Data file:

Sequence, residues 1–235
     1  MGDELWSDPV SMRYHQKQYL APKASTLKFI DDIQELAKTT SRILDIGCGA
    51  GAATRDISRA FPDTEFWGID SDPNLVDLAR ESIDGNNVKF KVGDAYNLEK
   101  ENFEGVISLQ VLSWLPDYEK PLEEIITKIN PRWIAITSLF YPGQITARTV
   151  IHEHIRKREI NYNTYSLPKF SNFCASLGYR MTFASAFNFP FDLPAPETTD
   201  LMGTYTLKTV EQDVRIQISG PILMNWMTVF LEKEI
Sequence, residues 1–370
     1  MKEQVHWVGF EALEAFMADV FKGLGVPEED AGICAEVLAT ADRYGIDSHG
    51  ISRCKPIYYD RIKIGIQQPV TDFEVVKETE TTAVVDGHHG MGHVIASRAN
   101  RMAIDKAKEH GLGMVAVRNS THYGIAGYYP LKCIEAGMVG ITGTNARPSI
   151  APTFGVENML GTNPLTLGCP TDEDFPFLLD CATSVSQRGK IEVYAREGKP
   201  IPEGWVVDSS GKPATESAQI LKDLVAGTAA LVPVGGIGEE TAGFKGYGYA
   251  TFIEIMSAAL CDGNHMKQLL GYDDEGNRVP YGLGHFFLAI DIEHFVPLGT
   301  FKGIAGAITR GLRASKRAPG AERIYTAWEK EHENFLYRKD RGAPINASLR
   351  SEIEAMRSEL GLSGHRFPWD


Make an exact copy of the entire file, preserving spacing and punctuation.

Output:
Sequence, residues 1–235
     1  MGDELWSDPV SMRYHQKQYL APKASTLKFI DDIQELAKTT SRILDIGCGA
    51  GAATRDISRA FPDTEFWGID SDPNLVDLAR ESIDGNNVKF KVGDAYNLEK
   101  ENFEGVISLQ VLSWLPDYEK PLEEIITKIN PRWIAITSLF YPGQITARTV
   151  IHEHIRKREI NYNTYSLPKF SNFCASLGYR MTFASAFNFP FDLPAPETTD
   201  LMGTYTLKTV EQDVRIQISG PILMNWMTVF LEKEI
Sequence, residues 1–370
     1  MKEQVHWVGF EALEAFMADV FKGLGVPEED AGICAEVLAT ADRYGIDSHG
    51  ISRCKPIYYD RIKIGIQQPV TDFEVVKETE TTAVVDGHHG MGHVIASRAN
   101  RMAIDKAKEH GLGMVAVRNS THYGIAGYYP LKCIEAGMVG ITGTNARPSI
   151  APTFGVENML GTNPLTLGCP TDEDFPFLLD CATSVSQRGK IEVYAREGKP
   201  IPEGWVVDSS GKPATESAQI LKDLVAGTAA LVPVGGIGEE TAGFKGYGYA
   251  TFIEIMSAAL CDGNHMKQLL GYDDEGNRVP YGLGHFFLAI DIEHFVPLGT
   301  FKGIAGAITR GLRASKRAPG AERIYTAWEK EHENFLYRKD RGAPINASLR
   351  SEIEAMRSEL GLSGHRFPWD